Is pipeline worth toxic relations with First Nations in BC and Alberta?
The only majority that really matters is the majority of British Columbians and First Nations opposed to the Northern Gateway project.
Or how I learned to stop worrying and love the Juan de Fuca trail. A recent CRD decision has implications for the sustainability of the entire capital region.
Despite the national outcome, a West Coast tanker ban was the dominant environmental issue during the election, and will be provincially as well.
These videos paint a picture of the ups-and-downs of our efforts during the federal election.
Will the NDP hurt Ignatieff and the Liberals in BC? Probably not, here's why.
The Capital Regional District on Vancouver Island has a solid regional growth strategy but lacks the ability to enforce its own plan to preserve farmland and forests.
Enbridge's CEO Patrick Daniel has been saying that the Northern Gateway proposal is a clear and profound choice. We couldn't agree more. British Columbians have clear options heading into the election on May 2.
If Christy Clark continues to ignore the overwhelming majority of British Columbians calling for a ban, when election time comes she will see just how formidable opposition to oil tankers is throughout the province.
Meet Daniel Terry, the man behind Canada's first organic chocolate producer, Denman Island Chocolate.
There was a flurry of speculation last week after Pat Daniel was quoted in the Globe and Mail questioning the Liberal’s commitment to banning oil tankers on B.C.’s north coast.
Within a day, the NDP had jumped into the fray on their website, asking whether Liberal Leader Michael Ignatieff had cut a secret deal on oil tankers.
Rest assured, in their platform released Sunday, the Liberals state clearly that they will ban oil tankers from B.C.’s north coast.
That leaves only one major Canadian political party that will not ban tankers: the Conservatives.
We’re working hard to make sure voters know there are only two types of politicians in B.C.: those who are willing to risk a catastrophic oil spill and those who aren’t.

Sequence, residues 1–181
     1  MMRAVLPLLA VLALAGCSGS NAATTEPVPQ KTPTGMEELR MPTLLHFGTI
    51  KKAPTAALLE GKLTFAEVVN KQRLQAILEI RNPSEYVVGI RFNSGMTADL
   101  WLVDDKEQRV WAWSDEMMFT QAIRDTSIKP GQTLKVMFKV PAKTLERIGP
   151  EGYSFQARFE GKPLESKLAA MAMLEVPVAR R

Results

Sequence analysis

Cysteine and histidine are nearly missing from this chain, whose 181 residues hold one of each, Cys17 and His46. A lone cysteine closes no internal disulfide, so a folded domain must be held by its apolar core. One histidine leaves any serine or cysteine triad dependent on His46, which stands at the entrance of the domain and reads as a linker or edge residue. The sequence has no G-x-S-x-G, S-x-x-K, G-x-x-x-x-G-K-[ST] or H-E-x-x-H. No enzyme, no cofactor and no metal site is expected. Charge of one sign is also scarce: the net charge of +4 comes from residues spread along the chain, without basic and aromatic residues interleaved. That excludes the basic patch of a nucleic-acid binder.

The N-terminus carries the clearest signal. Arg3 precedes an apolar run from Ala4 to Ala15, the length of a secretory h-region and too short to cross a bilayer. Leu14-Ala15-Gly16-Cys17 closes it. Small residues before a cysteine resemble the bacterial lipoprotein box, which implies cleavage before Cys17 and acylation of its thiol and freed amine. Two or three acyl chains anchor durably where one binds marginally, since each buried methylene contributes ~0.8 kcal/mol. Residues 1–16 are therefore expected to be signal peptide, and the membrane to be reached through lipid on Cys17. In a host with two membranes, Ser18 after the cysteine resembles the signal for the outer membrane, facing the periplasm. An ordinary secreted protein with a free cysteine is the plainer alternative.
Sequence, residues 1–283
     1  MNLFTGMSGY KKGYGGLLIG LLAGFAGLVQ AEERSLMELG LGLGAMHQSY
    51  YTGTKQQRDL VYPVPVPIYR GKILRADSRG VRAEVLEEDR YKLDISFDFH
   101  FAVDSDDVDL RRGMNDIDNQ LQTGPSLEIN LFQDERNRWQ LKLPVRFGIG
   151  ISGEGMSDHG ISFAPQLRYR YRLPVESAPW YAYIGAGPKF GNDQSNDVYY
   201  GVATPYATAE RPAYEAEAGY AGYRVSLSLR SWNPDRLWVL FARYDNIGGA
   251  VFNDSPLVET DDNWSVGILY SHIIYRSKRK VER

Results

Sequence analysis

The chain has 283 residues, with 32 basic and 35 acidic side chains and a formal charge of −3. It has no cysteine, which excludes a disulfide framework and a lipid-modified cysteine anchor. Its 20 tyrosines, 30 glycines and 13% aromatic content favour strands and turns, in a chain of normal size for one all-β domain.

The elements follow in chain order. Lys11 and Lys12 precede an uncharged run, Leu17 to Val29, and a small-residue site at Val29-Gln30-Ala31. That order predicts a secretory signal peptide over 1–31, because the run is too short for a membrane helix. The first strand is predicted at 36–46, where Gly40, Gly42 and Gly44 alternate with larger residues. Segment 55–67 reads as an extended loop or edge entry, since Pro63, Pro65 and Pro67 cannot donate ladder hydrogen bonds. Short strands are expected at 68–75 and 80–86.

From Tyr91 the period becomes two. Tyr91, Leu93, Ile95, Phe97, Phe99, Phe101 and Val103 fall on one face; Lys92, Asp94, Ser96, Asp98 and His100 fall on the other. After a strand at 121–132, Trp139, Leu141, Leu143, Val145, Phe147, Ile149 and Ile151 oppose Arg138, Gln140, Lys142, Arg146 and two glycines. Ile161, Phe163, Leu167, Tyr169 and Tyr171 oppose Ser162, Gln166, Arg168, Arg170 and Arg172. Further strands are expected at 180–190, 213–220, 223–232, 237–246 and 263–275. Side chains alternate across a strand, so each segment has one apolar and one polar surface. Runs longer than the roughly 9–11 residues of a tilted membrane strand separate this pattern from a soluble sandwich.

Vancouver Islanders have a long and proud history of standing up for our home: in boardrooms, court rooms, classrooms and in the forests to preserve some of the most incredible natural areas anywhere in the world. The new battle to save Vancouver Island is a battle against reckless development.
On a sunny Sunday afternoon this March, Stafford Richter knocked on doors in the federal swing riding of Esquimalt/Juan de Fuca along with a handful of other volunteers. He's volunteering his time to talk to people about oil tankers in the lead-up to a possible spring election.
Dogwood has two new communications staff. Karl Hardin started in January as Dogwood's new communications coordinator. Emma Gilchrist came on board this March as communications director. Read their answers to the new staff questionnaire.
Mike Roberts is a Louisiana fisherman who has experienced the worst of the BP Oil Spill disaster. Karl Hardin, Dogwood's new communications coordinator, had a chance to hear him speak in Vancouver.
On the evening of February 15th, the Juan de Fuca Land Use Committee gave preliminary approval for Ender Ilkay’s plan to build 300 vacation houses on the Juan de Fuca trail. This guest blog by Bobby Arbess is about the proposed development and what it means for the wilderness trail.
Given the leadership vacuums in both leading political parties in BC, there is a unique opportunity to change the game. This is a once-in-a-lifetime opportunity to change the course of our province for the better because both parties are at historic lows in membership.
In this post I would like to focus on addressing multiple levels of our existence (individual, community, nation, and species) to help us work toward building and promoting more equitable and more sustainable human communities. In particular, I'd like to focus on how Dogwood Initiative is working on these levels.
Did you know BC is a major producer of coal? Here's a note from a member of a grassroots group that’s stepping up to take on the coal industry.